Picture painted by psychiatric patient, Suffolk, England, 1930-1985
- 1934 -1990 in Ipswich
Picture of St Audry's Hospital painted by patient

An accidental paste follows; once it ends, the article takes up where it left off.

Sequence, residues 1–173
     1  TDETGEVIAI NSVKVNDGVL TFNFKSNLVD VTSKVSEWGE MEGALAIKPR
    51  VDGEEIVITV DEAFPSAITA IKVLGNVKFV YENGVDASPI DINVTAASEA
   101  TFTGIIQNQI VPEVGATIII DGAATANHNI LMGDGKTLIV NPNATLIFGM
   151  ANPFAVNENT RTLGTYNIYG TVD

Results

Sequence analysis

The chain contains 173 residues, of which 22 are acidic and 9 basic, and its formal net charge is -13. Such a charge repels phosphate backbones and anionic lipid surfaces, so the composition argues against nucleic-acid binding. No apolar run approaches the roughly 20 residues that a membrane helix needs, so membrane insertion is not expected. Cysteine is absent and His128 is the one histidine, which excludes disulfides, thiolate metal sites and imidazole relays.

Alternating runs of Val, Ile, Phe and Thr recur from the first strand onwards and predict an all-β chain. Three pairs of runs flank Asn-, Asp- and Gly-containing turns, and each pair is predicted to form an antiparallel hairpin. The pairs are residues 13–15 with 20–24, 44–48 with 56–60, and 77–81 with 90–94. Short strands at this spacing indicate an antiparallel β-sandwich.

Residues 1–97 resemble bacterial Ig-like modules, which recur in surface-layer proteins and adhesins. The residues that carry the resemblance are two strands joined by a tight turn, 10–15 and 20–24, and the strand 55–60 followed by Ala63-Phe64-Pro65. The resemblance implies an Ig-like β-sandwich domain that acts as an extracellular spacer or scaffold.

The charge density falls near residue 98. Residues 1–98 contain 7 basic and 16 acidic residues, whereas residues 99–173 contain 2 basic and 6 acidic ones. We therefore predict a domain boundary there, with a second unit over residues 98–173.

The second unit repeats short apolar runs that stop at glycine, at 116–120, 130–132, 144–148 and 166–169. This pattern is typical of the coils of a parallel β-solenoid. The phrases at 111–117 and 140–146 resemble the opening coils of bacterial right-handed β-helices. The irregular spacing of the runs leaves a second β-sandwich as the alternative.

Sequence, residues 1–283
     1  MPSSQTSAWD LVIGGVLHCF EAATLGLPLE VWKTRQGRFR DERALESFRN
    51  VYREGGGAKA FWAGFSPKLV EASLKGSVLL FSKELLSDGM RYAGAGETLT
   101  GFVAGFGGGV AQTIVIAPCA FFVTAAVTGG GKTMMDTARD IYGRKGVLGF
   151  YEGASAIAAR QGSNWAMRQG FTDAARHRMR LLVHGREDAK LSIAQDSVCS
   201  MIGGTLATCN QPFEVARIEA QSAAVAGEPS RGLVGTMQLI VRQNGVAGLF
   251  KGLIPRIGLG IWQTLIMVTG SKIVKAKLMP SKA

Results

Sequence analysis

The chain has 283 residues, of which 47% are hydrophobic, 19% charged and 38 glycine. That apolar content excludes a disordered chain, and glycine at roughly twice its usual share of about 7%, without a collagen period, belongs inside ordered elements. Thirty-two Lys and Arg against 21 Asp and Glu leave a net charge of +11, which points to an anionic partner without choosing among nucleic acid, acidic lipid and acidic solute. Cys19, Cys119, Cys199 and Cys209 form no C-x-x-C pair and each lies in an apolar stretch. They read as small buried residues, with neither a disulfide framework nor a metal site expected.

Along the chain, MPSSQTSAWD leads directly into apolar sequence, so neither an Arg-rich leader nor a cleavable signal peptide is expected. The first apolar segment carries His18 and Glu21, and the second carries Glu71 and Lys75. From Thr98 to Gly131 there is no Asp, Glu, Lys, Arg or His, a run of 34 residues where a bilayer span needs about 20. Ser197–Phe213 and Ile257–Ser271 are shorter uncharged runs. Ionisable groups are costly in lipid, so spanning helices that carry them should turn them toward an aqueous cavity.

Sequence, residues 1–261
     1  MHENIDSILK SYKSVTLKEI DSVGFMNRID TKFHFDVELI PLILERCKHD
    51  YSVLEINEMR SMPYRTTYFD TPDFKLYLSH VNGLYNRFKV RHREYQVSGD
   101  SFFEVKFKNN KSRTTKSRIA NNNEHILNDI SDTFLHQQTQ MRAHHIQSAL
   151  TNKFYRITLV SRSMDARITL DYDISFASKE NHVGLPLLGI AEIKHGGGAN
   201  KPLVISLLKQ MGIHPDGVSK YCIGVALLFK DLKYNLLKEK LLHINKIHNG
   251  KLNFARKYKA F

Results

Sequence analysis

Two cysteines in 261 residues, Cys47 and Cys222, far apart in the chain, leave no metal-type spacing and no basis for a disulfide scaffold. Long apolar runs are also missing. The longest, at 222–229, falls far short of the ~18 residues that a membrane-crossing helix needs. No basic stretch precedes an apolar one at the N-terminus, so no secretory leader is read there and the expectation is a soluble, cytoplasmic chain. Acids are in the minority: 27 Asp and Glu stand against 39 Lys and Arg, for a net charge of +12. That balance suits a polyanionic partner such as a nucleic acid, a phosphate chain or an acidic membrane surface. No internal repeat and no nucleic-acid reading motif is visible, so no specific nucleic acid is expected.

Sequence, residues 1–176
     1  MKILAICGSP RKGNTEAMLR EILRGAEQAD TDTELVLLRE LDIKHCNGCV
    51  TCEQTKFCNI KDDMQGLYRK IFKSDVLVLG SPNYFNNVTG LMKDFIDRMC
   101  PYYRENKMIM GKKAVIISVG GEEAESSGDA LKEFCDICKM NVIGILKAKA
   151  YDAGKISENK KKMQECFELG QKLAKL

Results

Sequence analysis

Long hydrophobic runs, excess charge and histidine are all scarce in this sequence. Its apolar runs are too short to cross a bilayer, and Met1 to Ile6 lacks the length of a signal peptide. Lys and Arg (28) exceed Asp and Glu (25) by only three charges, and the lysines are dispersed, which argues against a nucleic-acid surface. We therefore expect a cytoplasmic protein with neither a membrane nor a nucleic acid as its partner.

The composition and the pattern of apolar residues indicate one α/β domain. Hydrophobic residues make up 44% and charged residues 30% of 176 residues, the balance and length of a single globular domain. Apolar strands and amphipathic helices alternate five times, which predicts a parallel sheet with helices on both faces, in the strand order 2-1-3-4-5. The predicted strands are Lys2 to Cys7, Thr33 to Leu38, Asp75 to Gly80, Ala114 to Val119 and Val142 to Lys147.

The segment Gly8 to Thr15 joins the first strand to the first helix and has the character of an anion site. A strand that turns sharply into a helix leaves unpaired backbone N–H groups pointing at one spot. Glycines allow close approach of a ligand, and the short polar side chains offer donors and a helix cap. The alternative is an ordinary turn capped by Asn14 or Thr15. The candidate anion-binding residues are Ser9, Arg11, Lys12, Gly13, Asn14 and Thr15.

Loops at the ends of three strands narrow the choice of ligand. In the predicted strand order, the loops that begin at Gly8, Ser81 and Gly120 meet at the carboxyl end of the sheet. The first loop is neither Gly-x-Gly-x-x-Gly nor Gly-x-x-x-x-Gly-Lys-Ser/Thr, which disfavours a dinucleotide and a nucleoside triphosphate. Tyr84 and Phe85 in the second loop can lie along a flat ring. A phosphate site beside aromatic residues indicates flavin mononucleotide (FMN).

Dominating the canvas of this painting is a large house with an extensive garden and a greenhouse. A man in the foreground tends to flowers and waters the fruit and vegetables. It is not your typical image of a psychiatric hospital. The painting was made by a patient at St Audry’s Hospital in Suffolk, England. The ‘house’ in the painting resembles the hospital building at St. Audry’s. In many respects, the artist faithfully captured the ideals of ‘moral treatment’. These included manual labour and a calming, home-like environment. Moral treatment dominated psychiatry when St. Audry’s was founded in 1829. These ideals remained influential into the 1900s. The hospital had extensive and productive gardens. Patients tended them as part of their rehabilitation. The painting may have been painted for personal pleasure or as part of an art therapy programme. Psychoanalysis became prominent in the early 1900s. Psychiatrists saw therapeutic value in self-expression such as painting or poetry as well as manual labour. St Audry’s introduced occupational therapy for men in 1934 and for women in 1947. Paintings also allowed patients to indirectly comment on their feelings about life in a mental hospital. Look closely at the windows of the house. You can see a psychiatrist in a white coat observing the scene. A woman, perhaps the artist, looks out from another window. Is she trapped or is she painting?